May 28, 2010
 
Over the Deepwater Horizon 'Top Kill' Site
 
Special to Huntingtonnews.net
 
GULF OF MEXICO - The mobile offshore drilling unit Q4000 holds position directly over the damaged Deepwater Horizon blowout preventer as crews work to plug the wellhead using a technique known as "top kill," May 26, 2010. The procedure is intended to stem the flow of oil and gas and ultimately kill the well by injecting heavy drilling fluids through the blow out preventer on the seabed, down into the well. A nearby vessel sprays sea water near the surface of Q4000 to keep oil and fumes from interfering with operations. U.S. Coast Guard video by Petty Officer 3rd Class Patrick Kelley.
 

GULF OF MEXICO - The mobile offshore drilling unit Q4000 holds position directly over the damaged Deepwater Horizon blowout preventer as crews work to plug the well head using a technique known as "topkill," May 26, 2010. The procedure is intended to stem the flow of oil and gas and ultimately kill the well by injecting heavy drilling fluids through the blow out preventer on the seabed down into the well. A nearby vessel sprays sea water near the surface of Q4000 to keep oil and fumes from interfering with operations. U.S. Coast Guard photo by Petty Officer 3rd Class Ann Marie Gorden.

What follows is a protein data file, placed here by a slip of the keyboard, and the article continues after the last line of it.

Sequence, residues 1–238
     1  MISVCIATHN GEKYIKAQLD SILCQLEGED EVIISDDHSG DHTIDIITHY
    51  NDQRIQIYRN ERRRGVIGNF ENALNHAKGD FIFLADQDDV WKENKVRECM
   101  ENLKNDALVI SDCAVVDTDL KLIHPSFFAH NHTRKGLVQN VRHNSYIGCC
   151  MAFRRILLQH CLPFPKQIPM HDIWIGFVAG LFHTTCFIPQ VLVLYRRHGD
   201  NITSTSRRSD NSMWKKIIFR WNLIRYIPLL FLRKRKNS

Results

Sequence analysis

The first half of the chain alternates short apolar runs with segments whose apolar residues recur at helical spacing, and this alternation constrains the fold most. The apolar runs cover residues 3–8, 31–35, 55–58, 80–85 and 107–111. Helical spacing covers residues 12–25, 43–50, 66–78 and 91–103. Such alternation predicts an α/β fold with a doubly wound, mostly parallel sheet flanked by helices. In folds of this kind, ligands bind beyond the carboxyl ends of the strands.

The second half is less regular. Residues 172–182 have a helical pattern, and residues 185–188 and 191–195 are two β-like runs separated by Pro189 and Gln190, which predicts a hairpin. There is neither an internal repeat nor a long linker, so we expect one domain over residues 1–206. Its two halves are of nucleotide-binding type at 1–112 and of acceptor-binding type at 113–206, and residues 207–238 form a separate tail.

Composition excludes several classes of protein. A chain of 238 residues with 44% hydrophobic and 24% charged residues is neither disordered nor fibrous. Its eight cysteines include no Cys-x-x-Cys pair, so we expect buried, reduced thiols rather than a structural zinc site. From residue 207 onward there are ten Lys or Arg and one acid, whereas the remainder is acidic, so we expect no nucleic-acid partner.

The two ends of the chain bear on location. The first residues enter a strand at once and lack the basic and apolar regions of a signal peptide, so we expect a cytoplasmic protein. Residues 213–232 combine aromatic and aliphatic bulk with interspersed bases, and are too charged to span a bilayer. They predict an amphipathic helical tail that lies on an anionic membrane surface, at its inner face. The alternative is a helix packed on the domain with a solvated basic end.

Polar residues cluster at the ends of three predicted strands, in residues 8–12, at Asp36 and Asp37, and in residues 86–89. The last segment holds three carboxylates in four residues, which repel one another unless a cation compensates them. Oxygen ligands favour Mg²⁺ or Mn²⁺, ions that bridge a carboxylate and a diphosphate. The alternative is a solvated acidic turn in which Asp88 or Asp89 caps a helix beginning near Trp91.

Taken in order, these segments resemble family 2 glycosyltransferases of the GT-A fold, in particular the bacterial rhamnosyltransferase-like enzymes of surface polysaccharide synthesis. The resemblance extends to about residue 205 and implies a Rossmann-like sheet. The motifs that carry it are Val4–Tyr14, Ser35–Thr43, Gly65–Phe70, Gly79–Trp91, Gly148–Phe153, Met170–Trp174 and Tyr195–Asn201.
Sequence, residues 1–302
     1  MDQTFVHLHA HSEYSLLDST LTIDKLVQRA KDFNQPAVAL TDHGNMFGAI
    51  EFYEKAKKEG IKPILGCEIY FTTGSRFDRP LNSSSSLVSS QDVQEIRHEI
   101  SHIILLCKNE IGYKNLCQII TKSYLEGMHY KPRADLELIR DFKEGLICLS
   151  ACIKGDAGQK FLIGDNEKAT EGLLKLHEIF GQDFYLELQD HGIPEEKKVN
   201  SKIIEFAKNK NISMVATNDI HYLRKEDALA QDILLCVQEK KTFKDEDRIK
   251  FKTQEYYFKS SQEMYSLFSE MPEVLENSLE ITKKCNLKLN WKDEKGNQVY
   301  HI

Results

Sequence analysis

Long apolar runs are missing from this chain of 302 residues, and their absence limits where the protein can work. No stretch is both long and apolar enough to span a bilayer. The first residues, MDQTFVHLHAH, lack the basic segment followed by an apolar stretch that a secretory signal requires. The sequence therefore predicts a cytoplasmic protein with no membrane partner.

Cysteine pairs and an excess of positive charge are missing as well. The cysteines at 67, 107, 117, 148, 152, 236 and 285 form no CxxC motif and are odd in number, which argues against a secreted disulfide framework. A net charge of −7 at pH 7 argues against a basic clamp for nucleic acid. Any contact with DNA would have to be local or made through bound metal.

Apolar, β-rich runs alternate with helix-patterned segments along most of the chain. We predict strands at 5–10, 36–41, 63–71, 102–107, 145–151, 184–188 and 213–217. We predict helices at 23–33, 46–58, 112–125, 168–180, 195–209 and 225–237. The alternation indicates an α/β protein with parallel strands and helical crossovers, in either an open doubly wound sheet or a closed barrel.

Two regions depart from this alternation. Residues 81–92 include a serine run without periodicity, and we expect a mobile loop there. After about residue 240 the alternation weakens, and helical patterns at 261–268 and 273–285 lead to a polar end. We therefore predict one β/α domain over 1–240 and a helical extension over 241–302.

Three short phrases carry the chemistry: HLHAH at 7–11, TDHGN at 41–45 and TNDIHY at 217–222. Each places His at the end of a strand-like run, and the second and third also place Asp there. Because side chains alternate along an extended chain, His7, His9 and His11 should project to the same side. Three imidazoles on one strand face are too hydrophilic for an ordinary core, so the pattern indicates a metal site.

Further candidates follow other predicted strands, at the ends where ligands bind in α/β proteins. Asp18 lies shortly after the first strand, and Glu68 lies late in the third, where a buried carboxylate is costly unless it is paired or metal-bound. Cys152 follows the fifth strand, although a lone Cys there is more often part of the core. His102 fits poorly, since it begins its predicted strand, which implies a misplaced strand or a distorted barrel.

GULF OF MEXICO - The mobile offshore drilling unit Q4000 holds position directly over the damaged Deepwater Horizon blowout preventer as crews work to plug the wellhead using a technique known as "top kill," May 26, 2010. The procedure is intended to stem the flow of oil and gas and ultimately kill the well by injecting heavy drilling fluids through the blow out preventer on the seabed down into the well. A nearby vessel sprays sea water near the surface of Q4000 to keep oil and fumes from interfering with operations. U.S. Coast Guard photo by Petty Officer 3rd Class Patrick Kelley.
 

GULF OF MEXICO - The mobile offshore drilling unit Q4000 holds position directly over the damaged Deepwater Horizon blowout preventer as crews work to plug the wellhead using a technique known as "top kill," May 26, 2010. The procedure is intended to stem the flow of oil and gas and ultimately kill the well by injecting heavy drilling fluids through the blow out preventer on the seabed down into the well. A nearby vessel sprays sea water near the surface of Q4000 to keep oil and fumes from interfering with operations. U.S. Coast Guard photo by Petty Officer 3rd Class Patrick Kelley.
 
For information about the response effort, visit www.deepwaterhorizonresponse.com.



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